This project seeks to investigate claims made in official datasets and documents to investigate how India’s 90,000 crore rupee ‘Compensatory Afforestation’ (CA) program impacts India’s Indigenous Adivasi and forest-dwelling communities.
An estimated 275 million people in India depend on and sustain forest resources: ties criminalised by colonial and post-colonial laws. India’s landmark 2006 Forest Rights Act seeks to reverse this “historic injustice” by giving them individual, community, and habitat rights via formal titles, and by introducing the principle of free, prior, informed consent. Yet, the state still forcibly appropriates forest land for industry, including mining companies and power plants. It ostensibly compensates for the loss of forest cover by gathering a fee from the project proponent to afforest alternative land.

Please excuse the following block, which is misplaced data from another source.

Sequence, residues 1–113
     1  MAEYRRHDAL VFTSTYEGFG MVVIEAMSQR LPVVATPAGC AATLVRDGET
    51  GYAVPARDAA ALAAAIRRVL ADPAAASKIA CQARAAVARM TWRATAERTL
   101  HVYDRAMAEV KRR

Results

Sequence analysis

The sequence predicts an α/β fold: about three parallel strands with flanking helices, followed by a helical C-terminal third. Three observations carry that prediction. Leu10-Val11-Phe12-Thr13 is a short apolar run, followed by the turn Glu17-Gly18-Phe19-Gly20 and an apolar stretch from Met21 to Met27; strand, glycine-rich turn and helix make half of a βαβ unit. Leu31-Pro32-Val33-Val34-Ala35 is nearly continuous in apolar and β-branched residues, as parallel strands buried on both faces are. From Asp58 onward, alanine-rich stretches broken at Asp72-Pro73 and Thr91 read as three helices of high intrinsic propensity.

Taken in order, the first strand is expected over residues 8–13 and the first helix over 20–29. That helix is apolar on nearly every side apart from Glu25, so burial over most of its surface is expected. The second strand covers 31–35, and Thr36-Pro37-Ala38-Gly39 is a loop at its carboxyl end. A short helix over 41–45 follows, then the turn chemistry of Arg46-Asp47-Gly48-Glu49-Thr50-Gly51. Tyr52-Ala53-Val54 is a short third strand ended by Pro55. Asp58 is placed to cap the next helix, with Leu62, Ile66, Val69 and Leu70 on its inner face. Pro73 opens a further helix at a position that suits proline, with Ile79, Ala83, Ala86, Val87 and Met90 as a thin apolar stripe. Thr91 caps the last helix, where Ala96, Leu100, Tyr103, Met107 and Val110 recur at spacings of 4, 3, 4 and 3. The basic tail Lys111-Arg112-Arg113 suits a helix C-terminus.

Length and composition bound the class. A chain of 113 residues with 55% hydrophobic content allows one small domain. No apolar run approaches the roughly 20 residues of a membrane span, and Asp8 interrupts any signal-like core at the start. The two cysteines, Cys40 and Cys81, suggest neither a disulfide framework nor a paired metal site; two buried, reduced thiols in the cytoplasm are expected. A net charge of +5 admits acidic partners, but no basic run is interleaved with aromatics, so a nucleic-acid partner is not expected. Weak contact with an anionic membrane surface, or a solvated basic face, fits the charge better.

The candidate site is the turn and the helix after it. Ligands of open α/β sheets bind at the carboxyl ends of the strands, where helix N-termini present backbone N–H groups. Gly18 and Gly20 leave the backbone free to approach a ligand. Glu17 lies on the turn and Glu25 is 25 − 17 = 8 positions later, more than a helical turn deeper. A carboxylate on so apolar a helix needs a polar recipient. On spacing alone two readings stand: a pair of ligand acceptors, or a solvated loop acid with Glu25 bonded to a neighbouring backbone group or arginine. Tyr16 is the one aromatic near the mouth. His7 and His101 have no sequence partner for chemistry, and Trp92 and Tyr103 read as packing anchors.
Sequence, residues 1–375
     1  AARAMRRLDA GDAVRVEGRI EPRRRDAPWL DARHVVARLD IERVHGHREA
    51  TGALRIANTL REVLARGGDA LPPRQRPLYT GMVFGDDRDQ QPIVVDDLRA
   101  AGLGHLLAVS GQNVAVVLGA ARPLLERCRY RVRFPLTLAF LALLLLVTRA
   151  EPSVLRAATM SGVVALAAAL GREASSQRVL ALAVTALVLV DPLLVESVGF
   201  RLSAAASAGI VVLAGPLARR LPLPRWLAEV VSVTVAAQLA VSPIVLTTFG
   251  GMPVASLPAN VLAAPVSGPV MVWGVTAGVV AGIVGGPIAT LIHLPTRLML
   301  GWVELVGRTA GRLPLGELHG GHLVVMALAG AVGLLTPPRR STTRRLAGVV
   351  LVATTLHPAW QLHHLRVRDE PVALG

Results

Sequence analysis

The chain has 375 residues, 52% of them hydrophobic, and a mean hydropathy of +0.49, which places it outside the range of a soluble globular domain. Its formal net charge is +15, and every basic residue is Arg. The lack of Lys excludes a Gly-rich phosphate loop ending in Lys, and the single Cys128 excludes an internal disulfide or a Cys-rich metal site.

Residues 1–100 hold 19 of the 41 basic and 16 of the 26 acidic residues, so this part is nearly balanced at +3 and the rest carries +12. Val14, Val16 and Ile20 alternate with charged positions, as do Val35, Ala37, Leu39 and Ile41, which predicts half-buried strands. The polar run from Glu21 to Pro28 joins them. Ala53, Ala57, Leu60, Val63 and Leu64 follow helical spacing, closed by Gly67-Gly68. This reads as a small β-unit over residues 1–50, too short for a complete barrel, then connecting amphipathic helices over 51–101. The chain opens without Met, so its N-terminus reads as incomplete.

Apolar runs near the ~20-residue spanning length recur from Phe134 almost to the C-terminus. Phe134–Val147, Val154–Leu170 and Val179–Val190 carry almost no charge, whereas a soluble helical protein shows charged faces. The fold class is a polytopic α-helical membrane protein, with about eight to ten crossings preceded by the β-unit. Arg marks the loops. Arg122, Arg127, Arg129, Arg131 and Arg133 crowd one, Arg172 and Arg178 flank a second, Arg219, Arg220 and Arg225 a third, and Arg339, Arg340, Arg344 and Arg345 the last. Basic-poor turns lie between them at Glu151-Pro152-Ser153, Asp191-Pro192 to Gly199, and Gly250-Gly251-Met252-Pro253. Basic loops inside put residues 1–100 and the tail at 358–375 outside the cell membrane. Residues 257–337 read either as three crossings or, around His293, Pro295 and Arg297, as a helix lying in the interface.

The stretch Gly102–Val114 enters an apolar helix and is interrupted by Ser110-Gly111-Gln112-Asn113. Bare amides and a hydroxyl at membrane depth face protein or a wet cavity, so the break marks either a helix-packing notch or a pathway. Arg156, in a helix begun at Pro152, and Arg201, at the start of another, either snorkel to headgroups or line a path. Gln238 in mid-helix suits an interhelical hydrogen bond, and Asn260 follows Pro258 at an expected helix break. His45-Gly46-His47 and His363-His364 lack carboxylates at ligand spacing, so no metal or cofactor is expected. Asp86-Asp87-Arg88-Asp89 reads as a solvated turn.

The result is a double whammy: forestlands, which communities have traditionally depended on, are appropriated from them for industry. And then, private land and commons, even remote dense forests, are enclosed by state forest departments in the name of "compensatory afforestation" projects—largely rolled out as monoculture plantations.